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Trump's administration contributes to a rise In homelessness. Could Rise Housing be the Answer?

NEW YORK, May 10, 2018 /PRNewswire/ -- Food, clothing, shelter. Some of the most basic needs and yet—Americans are facing a nation where homelessness is even more of a pressing reality under the Trump administration. "The administration's budget includes $6.2 billion in cuts to the U.S. Department of Housing and Urban Development. Relative to funding levels necessary for HUD in fiscal year 2017, the cuts amount to a 15 percent reduction—the largest cuts in housing aid since the Reagan administration."1 Those at risk of homelessness include victims of domestic violence as well as youth who face neglect and abuse with limited access to resources. While homelessness affects both the young and the old, youth are particularly at risk. The Center on Budget and Policy Priorities describes the cutbacks for Housing Choice Vouchers: "Because the program mainly helps extremely low-income seniors, people with disabilities, and working families with children, the cuts would hit these groups hardest, increasing homelessness and other hardships, and undermining the stability that children need to thrive and succeed."2

Homelessness and at-risk youth are both parts of a harsh reality that Monika Proffitt, CEO of Rise Housing, is all too familiar with. Rise Housing, a real estate platform that uses Blockchain technology, allows both property owners and tenants to buy and invest globally. Proffitt explains the impetus behind her social impact company: "The real reason that was behind there... was I was homeless when I was sixteen. I found myself alone at a bus station and had two dollars and thirty cents in my pocket."3 A working artist and entrepreneur, she faced further risk of homelessness as she found her beloved Seattle building, in which she and other artists resided, at risk of being sold. For Proffitt, homelessness was not just a national problem, it was a personal problem.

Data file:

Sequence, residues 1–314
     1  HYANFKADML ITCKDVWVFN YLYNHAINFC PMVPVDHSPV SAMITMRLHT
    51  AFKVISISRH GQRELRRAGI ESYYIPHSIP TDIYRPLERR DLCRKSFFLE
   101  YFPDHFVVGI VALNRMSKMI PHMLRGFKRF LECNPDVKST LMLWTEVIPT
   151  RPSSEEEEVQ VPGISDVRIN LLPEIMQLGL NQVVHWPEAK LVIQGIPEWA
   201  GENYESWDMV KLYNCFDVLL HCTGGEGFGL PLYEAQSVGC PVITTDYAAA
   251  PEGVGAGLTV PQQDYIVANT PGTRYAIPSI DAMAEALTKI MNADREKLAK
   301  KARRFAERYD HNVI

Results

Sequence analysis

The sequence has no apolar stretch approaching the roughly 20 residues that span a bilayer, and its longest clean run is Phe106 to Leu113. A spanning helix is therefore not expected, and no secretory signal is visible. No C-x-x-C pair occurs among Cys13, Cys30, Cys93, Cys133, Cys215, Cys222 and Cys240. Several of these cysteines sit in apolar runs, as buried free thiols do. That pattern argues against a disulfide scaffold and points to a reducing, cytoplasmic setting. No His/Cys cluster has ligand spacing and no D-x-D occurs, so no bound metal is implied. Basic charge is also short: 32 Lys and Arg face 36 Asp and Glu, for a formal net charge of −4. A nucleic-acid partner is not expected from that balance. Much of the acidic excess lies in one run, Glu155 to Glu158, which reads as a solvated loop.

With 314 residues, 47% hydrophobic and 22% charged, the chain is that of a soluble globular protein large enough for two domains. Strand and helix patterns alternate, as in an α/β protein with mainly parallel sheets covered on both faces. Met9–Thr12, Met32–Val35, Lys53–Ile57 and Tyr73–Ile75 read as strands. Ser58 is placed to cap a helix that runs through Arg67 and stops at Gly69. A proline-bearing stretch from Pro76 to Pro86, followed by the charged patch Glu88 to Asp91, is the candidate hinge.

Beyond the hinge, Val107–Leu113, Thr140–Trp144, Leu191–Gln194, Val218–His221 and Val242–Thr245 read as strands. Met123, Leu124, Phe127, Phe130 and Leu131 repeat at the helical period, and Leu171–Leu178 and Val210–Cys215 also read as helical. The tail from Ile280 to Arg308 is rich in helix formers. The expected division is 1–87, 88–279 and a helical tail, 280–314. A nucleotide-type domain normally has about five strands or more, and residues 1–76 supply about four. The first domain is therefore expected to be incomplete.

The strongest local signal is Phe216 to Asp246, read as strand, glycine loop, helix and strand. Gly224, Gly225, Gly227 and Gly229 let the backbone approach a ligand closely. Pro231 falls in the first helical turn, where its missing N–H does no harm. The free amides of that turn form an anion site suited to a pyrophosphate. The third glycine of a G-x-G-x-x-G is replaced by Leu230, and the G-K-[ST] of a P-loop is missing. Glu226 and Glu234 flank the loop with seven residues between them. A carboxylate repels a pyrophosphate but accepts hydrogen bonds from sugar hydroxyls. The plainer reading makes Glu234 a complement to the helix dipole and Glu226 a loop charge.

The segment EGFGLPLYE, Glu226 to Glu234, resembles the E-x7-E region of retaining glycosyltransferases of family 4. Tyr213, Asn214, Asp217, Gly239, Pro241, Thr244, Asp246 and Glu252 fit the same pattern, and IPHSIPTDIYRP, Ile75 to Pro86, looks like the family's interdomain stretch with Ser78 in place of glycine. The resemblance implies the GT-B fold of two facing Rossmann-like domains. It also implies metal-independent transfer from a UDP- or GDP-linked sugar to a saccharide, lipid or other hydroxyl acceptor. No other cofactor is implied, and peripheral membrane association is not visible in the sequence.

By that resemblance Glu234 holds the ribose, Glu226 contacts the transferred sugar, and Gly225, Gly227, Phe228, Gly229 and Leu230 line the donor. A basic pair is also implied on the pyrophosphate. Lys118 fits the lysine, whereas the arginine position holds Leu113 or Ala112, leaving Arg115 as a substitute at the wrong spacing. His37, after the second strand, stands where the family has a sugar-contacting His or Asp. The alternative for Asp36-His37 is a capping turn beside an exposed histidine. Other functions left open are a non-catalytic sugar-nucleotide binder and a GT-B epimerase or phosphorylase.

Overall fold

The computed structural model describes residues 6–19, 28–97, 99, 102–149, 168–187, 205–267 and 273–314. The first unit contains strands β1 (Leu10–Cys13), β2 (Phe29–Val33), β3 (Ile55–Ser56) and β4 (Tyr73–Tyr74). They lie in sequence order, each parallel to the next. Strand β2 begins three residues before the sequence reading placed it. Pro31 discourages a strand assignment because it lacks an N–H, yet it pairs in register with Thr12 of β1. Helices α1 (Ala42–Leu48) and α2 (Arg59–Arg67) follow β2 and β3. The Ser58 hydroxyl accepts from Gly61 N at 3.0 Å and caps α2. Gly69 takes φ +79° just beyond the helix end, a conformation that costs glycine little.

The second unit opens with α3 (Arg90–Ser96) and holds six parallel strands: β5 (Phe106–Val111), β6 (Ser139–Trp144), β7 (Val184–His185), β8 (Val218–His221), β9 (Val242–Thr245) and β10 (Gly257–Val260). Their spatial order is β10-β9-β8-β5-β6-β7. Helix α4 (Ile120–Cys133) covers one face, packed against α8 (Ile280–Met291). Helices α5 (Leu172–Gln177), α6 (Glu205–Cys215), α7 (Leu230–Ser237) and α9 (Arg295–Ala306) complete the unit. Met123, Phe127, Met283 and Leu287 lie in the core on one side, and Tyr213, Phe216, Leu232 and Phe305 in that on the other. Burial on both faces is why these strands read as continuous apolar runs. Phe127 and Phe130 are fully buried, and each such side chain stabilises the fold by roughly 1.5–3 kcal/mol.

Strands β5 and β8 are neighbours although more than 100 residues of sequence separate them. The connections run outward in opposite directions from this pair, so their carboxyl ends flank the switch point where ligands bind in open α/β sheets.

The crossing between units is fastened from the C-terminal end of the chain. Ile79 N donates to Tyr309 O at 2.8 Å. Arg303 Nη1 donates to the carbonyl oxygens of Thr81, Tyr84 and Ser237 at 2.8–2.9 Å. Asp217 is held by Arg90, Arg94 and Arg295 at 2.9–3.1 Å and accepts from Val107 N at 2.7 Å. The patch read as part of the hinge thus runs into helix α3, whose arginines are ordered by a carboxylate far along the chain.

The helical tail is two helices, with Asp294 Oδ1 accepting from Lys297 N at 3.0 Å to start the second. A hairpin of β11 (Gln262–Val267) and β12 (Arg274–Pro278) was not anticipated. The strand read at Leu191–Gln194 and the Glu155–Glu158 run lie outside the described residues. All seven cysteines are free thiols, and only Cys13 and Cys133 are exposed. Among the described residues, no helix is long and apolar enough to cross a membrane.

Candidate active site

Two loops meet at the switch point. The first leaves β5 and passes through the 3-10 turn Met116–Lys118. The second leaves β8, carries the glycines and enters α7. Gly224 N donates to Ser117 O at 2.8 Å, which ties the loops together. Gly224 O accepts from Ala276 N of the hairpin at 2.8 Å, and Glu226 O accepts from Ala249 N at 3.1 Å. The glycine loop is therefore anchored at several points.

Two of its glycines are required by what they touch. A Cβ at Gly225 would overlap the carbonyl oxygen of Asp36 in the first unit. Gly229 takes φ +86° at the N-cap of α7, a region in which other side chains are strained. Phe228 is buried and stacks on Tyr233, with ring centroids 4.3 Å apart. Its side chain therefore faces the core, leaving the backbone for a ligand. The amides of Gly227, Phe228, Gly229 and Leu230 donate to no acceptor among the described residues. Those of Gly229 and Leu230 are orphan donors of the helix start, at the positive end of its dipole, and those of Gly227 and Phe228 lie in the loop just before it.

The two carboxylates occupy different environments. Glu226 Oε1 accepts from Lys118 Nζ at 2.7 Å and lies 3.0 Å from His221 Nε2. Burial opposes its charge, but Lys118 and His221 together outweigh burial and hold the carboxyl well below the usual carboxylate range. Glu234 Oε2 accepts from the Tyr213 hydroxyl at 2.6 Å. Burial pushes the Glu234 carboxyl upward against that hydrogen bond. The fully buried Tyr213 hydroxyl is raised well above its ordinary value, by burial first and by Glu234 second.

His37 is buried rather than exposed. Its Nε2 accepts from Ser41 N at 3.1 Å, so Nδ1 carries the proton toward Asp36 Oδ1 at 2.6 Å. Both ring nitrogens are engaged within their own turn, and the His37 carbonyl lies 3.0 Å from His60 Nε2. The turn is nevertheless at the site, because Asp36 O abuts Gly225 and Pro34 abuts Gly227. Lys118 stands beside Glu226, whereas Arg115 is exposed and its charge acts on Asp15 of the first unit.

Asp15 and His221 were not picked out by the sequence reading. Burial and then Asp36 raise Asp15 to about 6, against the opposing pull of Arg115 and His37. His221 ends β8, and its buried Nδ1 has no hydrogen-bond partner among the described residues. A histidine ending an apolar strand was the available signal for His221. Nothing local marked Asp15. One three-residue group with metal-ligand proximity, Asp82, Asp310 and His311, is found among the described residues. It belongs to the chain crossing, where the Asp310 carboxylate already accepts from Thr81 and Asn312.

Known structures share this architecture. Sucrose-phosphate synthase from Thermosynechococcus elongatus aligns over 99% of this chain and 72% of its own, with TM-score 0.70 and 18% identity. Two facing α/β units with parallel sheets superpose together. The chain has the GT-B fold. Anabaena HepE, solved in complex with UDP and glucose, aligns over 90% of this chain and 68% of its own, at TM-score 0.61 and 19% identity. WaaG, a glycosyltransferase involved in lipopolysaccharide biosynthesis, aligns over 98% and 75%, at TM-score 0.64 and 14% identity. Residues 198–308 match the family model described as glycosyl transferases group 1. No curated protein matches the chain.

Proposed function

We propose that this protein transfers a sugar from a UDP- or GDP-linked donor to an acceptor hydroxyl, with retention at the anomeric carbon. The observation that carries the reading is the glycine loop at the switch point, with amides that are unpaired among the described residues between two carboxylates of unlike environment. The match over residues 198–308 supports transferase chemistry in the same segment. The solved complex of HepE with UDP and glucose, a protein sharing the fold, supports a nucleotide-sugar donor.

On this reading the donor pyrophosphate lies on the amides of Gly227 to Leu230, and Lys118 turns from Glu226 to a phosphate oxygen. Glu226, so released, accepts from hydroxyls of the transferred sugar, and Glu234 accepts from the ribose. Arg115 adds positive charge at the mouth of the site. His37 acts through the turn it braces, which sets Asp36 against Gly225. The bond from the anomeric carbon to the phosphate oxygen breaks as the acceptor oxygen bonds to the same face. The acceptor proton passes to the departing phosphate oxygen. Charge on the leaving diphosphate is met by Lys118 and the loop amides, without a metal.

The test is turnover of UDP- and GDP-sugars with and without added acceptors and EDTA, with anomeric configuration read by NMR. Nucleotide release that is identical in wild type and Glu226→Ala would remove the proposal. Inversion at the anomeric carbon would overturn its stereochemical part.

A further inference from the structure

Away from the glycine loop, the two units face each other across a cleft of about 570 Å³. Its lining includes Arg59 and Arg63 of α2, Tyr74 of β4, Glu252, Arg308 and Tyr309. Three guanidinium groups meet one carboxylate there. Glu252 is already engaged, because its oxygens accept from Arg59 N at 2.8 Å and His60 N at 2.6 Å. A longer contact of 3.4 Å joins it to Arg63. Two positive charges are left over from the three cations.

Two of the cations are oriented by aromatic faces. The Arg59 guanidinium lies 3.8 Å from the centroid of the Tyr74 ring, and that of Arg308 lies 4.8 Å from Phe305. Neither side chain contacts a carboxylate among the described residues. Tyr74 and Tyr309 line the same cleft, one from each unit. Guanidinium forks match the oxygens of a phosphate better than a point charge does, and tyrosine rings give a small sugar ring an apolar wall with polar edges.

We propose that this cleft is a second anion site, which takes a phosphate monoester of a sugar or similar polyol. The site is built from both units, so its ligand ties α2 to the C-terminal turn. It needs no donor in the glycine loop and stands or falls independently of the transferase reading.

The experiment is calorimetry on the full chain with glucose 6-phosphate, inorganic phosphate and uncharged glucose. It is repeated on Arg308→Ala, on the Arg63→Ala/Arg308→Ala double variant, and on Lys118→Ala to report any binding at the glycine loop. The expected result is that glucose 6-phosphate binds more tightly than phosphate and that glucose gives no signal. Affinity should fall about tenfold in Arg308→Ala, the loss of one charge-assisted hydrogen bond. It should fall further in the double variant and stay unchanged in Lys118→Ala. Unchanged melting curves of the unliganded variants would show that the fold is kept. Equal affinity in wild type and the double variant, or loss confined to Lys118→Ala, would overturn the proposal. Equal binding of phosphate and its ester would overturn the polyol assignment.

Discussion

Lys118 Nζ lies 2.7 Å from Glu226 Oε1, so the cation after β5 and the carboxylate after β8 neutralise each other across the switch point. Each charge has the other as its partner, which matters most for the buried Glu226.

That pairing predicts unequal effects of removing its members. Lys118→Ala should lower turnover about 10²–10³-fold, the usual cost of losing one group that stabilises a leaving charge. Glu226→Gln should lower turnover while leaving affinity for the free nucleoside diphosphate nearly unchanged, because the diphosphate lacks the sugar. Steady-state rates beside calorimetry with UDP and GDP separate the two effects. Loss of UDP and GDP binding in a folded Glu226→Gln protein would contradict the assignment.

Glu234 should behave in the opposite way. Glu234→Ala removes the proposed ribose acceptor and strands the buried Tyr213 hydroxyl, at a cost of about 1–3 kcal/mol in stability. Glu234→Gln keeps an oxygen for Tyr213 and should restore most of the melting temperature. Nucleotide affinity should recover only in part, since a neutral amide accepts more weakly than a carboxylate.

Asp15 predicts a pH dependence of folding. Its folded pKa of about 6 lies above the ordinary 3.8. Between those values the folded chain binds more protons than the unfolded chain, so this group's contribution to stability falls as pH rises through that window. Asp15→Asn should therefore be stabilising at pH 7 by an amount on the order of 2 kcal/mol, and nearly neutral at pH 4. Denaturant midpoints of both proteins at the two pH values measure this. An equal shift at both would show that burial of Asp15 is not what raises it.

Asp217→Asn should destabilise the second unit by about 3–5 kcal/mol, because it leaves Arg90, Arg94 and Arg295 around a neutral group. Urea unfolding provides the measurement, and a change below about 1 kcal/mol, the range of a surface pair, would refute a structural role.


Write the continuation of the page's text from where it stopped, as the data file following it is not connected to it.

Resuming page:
This is not the first time Proffitt has used her personal experience as fuel for entrepreneurial creativity; four businesses and over twenty years of investing in apartment buildings later, this serial entrepreneur debuts Rise Housing as her fifth and latest addition. She explains how Rise Housing deals with only debt-free properties, so that transactions can take place independent of banks. The concept of engaging with debt-free properties will allow property owners to sell buildings to future investors, or apartments to future tenants, all without costly transaction fees.

In addition to the easily accessible platform, Rise Housing embraces a global market; users can browse international properties as well as gain access to the historical and current data of properties in order to gain further financial insight information. This kind of open transparency is a further testament to Proffitt's mission: to create a real estate market that keeps the perspective of the tenant in mind, a market where both the little people, and big people alike, can all own something together. Learn more at https://risehousing.io, ends soon.

1 https://www.citylab.com/equity/2017/03/trumps-proposed-budget/519801/ 
2 https://www.cbpp.org/blog/trump-budget-would-increase-homelessness-and-hardship-in-every-state-endfederal-role-in 
3 https://risehousing.io/press/

For More Information, Contact:

Jea Edman


Johnson Edman Advertising, Inc


One Rockefeller Plaza 11th Floor


New York, NY 10020


(646) 409-3515


service@johnsonedman.com

SOURCE Rise Housing

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